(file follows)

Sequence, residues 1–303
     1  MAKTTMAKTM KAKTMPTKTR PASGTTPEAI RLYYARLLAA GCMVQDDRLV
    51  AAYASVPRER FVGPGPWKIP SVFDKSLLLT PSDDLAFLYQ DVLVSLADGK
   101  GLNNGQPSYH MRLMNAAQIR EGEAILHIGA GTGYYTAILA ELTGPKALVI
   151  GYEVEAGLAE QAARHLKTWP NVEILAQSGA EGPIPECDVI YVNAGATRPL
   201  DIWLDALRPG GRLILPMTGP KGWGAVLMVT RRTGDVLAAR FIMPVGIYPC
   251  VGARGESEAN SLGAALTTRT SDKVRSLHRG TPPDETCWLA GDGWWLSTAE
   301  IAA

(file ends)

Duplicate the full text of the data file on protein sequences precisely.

Sequence, residues 1–303
     1  MAKTTMAKTM KAKTMPTKTR PASGTTPEAI RLYYARLLAA GCMVQDDRLV
    51  AAYASVPRER FVGPGPWKIP SVFDKSLLLT PSDDLAFLYQ DVLVSLADGK
   101  GLNNGQPSYH MRLMNAAQIR EGEAILHIGA GTGYYTAILA ELTGPKALVI
   151  GYEVEAGLAE QAARHLKTWP NVEILAQSGA EGPIPECDVI YVNAGATRPL
   201  DIWLDALRPG GRLILPMTGP KGWGAVLMVT RRTGDVLAAR FIMPVGIYPC
   251  VGARGESEAN SLGAALTTRT SDKVRSLHRG TPPDETCWLA GDGWWLSTAE
   301  IAA